"Encryption is the conversion of data into a form, called a ciphertext, which cannot be easily understood by unauthorized people. Decryption is the process of converting encrypted data back into its original form, so it can be understood." Simply put, encryption is the translation of data into a secret code. If you have no need to send secure messages or make certain that no one is forging your name when sending emails, then you don't need encryption. But if you're working in healthcare and you want to send another physician your thoughts on a specific patient, then encryption is probably a good idea.

In Martin Sargent's article on email encryption at, he states that the most popular email security technology is called public-key encryption. In this system, two mutually dependent algorithms, known as the public and private key, are used. As a result of online databases, your public key is available to anybody, but you keep your private key strictly to yourself. When you want to send a secure message to another physician, you use your copy of your colleague's public key to encrypt the message. When your colleague receives the scrambled message, she uses her private key to decipher it. Without the private key, the code can't be cracked. The public and private keys are really two halves of a whole, and that whole is referred to as a Digital ID.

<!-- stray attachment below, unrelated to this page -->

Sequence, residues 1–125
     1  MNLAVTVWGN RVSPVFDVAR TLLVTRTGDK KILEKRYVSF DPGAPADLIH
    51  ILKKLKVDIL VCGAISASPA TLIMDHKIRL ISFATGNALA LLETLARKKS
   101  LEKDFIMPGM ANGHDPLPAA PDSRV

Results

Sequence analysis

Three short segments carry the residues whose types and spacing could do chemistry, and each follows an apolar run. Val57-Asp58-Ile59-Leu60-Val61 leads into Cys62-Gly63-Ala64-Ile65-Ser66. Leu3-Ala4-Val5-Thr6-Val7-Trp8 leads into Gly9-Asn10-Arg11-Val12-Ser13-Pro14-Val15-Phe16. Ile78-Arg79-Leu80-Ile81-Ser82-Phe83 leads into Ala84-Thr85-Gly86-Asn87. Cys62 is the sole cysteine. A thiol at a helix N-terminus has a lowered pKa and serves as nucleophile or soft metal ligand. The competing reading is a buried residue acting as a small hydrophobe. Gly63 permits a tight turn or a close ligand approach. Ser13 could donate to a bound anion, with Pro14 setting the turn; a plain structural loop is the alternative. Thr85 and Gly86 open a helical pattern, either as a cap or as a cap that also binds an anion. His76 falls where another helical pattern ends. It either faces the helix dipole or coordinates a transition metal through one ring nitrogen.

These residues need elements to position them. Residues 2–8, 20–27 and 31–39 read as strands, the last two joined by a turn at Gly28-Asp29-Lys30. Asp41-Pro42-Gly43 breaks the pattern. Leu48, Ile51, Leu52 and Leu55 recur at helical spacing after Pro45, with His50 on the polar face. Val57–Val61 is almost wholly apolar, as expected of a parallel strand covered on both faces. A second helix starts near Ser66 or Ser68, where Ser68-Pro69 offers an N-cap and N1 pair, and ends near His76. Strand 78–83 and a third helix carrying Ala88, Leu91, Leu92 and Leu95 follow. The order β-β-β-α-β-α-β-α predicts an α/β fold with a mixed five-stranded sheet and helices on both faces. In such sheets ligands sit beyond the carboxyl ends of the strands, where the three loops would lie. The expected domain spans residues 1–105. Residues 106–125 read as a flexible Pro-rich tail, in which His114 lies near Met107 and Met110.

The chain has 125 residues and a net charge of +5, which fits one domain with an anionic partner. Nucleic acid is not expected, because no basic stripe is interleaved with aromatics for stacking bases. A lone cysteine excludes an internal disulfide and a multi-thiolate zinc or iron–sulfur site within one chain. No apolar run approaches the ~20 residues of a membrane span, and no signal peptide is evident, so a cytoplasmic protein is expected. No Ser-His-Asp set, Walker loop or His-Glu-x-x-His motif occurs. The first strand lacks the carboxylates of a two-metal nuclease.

Many companies have launched products and services aimed at the healthcare arena. One such site,, offers an array of services for specialists and appears to be establishing itself as a strong competitor to WebMD, minus the medical content.. One of their services, Medical Messenging, provides medical offices with secure email for communication amongst themselves and their patients. Although not a direct competitor to, Hush Communications ( specializes in web-based encrypted email solutions and may be of more interest to hospitals and other large patient care centers.